The Morning Report
Get the news and information you need to take on the day.
It’s like Christmas morning for local policy wonks. We get a shiny new proposal to inspect line by line.
The mayor’s stadium task force is releasing its recommendations today. Perhaps as an important bit of symbolism, it will be done at the County Operations Center this afternoon. The group will apparently recommend the county put some skin in the game. Former Mayor Jerry Sanders will be there but nobody from the county or city government.
Architects will present new drawings as well for the multi-use facility.
VOSD’s Liam Dillon looks at 10 big questions we’ll look for answers to in the proposal. One of the biggest things to watch for is what they say or don’t say about a public vote. You’ll remember the mayor and many other local politicians have committed to holding a vote. But the Chargers and NFL have more or less told the city that if they wait until next year to codify any plan with a vote, the team will probably leave.
Quite the pickle.
An East County GOP Brawl
Over her decades in office, people have learned that they mess with County Supervisor Dianne Jacob at their own peril. She’s wrangled with a long list of enemies from SDG&E and Indian casinos to the Red Cross, property owners and county pension officials.
The GOP has always let the East County representative do her thing — but not anymore. Several prominent Republicans and the county party itself are hanging her out to dry as they throw their support to her 2016 opponent, state Senator Joel Anderson.
I take a look at the Republican civil war and examine why the GOP is spending big money to take on one of its own. The big message: The challenger has big guns on his side, but he has major weak spots and is going to face a tough battle.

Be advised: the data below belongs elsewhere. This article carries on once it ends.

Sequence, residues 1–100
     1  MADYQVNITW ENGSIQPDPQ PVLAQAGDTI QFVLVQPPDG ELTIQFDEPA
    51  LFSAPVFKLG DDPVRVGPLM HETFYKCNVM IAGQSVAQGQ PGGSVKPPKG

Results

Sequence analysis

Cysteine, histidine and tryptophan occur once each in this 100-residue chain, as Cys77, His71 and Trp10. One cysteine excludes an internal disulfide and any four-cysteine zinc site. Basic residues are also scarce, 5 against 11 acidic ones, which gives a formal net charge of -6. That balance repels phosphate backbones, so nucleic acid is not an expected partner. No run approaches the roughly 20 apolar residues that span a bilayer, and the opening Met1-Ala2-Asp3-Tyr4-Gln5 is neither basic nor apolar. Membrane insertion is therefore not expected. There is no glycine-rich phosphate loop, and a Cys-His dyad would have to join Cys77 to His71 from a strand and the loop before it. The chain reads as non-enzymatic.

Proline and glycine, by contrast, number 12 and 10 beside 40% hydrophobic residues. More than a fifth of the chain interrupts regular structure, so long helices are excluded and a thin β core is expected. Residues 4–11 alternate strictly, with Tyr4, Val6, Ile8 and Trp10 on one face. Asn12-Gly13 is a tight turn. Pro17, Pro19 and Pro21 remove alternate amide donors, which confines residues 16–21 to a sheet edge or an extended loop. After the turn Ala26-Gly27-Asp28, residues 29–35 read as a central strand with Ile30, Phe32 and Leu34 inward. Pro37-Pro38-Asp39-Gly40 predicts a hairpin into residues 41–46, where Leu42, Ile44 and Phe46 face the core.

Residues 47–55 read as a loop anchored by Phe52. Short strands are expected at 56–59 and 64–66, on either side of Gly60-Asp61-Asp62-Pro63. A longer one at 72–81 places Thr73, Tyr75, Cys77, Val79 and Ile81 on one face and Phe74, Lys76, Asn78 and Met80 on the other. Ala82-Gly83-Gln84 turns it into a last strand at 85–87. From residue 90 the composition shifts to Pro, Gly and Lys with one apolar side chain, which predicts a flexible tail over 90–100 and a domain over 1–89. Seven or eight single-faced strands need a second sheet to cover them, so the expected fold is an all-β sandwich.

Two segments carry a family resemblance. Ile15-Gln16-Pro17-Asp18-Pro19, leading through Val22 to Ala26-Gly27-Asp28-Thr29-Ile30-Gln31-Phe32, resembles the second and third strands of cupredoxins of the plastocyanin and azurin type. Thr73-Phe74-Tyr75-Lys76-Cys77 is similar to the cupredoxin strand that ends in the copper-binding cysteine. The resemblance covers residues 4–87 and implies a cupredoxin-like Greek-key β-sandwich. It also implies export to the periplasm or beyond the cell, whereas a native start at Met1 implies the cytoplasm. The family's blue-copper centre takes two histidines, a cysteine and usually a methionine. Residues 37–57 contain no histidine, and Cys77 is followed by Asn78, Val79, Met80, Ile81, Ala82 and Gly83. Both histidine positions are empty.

If the Drought Doesn’t End
What if California’s drought goes on for many more years? VOSD’s Ry Rivard reports that the consequences could be huge: “There are some rules on the books that would allow officials across the county to demand residents to cut back. One of them is to halt new development. That is a concept that some areas are toying with right now, although that is because of the state-ordered cuts and not an actual shortage of water.”
Rooftop Solar Power Doesn’t Count for State Goals
“Solar projects topping rooftops across San Diego aren’t directly helping the state and San Diego Gas & Electric reach the 33 percent state target known as the Renewable Portfolio Standard, a law first introduced in 2002 that’s been accelerated multiple times,” VOSD’s Lisa Halverstadt reports.
That means the utility has less incentive to help residents get solar in place.
“Though state rules technically allow rooftop customers to sell their so-called renewable energy certificates to utilities, SDG&E and the state’s other utilities say a separate Public Utilities Commission ruling has made doing so virtually impossible.”
School Spending, but Not at School